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4 tips for not-for-profit accounting staff

We know the feeling. You already have a lot on your plate. And now there are significant changes coming down the pike in the form of Financial Accounting Standards Board (FASB) accounting standards updates and tax reform. If you find yourself hoping the nonprofit accounting environment will settle down in 2018, you’re not alone. But alas, we’re here to help. Consider these tips:

Start at the top.

Having a well-run not-for-profit board is important for making sure strategic objectives are met even as changes occur. If you have open seats, be sure you select new board members carefully. Identify a diverse range of skills and experience that you’re looking for when recruiting board members. These may include finance, information technology, human resources, marketing, fundraising or law. For more advice, check out these governance and management FAQs and this blog post on 5 tips for an effective not-for-profit board.

Break big projects down into manageable tasks, and start now.

 FASB’s new not-for-profit standard will bring significant changes to your organization’s financial statements. Don’t get overwhelmed by diving in sooner rather than later. If you’re looking for a good place to start, consider your chart of accounts. The new financial statement presentation standard will impact your chart of accounts in five areas: liquidity, net assets, investment return, statement of cash flows and expense reporting. To read more about these areas viewed through the lens of your chart of accounts, take a look at our blog post series, part I and part II.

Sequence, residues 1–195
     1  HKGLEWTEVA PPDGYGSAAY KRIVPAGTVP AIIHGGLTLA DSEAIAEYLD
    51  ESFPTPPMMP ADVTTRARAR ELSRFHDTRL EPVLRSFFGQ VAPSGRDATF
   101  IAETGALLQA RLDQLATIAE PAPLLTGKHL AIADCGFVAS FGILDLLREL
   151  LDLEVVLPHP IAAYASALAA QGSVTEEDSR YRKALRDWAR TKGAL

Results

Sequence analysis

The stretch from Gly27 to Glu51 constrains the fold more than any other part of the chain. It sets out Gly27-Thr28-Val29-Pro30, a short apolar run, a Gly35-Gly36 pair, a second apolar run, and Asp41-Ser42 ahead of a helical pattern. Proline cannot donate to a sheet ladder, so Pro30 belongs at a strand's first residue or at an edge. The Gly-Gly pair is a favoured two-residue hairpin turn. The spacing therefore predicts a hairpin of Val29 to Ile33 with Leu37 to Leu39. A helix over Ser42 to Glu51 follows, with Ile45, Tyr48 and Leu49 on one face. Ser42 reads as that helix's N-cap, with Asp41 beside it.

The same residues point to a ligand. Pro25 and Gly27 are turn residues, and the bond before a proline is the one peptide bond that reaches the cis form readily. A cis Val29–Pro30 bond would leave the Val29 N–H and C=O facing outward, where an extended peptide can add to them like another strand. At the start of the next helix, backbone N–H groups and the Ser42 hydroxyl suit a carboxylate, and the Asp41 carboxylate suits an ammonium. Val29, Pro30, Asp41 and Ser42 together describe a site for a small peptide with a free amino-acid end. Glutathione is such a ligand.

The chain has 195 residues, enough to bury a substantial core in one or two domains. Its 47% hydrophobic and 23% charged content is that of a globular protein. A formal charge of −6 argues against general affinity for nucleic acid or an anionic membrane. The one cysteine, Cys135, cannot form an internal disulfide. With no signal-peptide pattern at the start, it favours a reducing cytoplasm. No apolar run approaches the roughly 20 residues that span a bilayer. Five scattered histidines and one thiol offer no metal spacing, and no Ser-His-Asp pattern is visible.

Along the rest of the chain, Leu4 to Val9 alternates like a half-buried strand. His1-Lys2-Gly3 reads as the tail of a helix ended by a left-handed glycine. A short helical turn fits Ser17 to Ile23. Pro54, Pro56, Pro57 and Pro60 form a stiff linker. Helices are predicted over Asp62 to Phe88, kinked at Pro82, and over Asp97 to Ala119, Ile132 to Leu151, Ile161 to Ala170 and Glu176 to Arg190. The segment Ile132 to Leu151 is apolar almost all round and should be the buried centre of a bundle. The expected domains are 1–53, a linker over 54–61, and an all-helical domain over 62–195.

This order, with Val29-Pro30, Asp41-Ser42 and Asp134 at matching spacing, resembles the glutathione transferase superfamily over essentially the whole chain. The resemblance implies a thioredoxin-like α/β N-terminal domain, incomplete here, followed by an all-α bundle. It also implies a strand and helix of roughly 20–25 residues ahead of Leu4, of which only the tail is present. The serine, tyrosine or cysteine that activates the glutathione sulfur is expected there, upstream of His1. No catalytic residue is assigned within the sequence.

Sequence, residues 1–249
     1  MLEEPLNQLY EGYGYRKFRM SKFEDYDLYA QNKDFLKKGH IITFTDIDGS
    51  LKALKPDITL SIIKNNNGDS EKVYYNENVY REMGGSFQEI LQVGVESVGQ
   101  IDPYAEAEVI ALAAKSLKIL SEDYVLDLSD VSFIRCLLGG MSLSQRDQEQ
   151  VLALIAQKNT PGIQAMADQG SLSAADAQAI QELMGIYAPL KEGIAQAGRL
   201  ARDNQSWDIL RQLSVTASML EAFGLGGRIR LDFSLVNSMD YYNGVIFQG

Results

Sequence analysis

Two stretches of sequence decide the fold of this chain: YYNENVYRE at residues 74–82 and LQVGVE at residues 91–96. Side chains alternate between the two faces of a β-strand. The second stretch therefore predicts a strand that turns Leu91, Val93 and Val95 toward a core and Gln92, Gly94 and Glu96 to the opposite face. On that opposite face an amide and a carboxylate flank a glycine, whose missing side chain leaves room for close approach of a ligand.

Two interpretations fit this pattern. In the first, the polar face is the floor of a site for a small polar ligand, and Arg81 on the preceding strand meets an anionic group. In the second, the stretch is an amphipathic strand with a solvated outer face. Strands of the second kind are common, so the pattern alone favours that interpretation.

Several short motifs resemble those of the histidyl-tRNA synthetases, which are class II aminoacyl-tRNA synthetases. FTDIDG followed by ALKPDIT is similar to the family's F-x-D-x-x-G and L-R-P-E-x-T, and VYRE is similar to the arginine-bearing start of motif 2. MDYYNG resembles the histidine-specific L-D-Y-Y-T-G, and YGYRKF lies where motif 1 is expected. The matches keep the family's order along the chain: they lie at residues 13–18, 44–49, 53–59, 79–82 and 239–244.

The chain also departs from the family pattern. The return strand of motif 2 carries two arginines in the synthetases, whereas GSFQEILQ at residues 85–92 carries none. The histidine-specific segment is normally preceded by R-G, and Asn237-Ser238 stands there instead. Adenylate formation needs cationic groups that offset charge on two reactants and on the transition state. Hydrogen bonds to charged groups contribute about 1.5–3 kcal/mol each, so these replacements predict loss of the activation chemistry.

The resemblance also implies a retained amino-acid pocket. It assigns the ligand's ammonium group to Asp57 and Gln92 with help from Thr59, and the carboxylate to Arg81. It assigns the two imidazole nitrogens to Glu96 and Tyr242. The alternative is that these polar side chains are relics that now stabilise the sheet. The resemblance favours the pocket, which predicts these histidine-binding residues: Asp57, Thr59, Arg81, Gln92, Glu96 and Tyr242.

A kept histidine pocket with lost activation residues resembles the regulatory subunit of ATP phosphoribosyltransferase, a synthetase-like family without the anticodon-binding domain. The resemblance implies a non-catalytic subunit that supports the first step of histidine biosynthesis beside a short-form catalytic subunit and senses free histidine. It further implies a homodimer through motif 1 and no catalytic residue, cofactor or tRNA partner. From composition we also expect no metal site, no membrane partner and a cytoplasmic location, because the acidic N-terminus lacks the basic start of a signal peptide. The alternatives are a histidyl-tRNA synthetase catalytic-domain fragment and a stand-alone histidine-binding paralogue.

Don’t let your audit sneak up on you.

Preparing for an annual audit can be overwhelming even when all is calm on the technical front. With the pending changes to accounting standards, regular communication with your external auditor throughout the year will be critical. Ask questions now about standards that will be effective for the coming year(s), so you can determine the extent of impacts to your organization and prepare accordingly. Also ask questions about accounting for any unusual or infrequent transactions you may have. Read this article for more tips on auditor communications and audit preparation.

Commit to getting tax compliance right.

With the IRS’s data-driven audit methodology, they’re casting a wider net for audits. This means it’s important to focus on the accuracy and completeness of your Form 990 and try to minimize reporting of any red flags. If you need help understanding or preparing the Form 990 and its accompanying schedules, the AICPA Not-for-Profit Section’s tax resource library can help.

Regardless if you’re new on the job or are a seasoned veteran, accounting and finance staff at not-for-profits can benefit from resources to help address questions that may arise on any given day. The AICPA Not-for-Profit Section’s resource library has a vast array of articles, FAQs and toolkits to guide its members.

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Lana Richards, Manager- Not-for-Profit Content Development, Association of International Certified Professional Accountants

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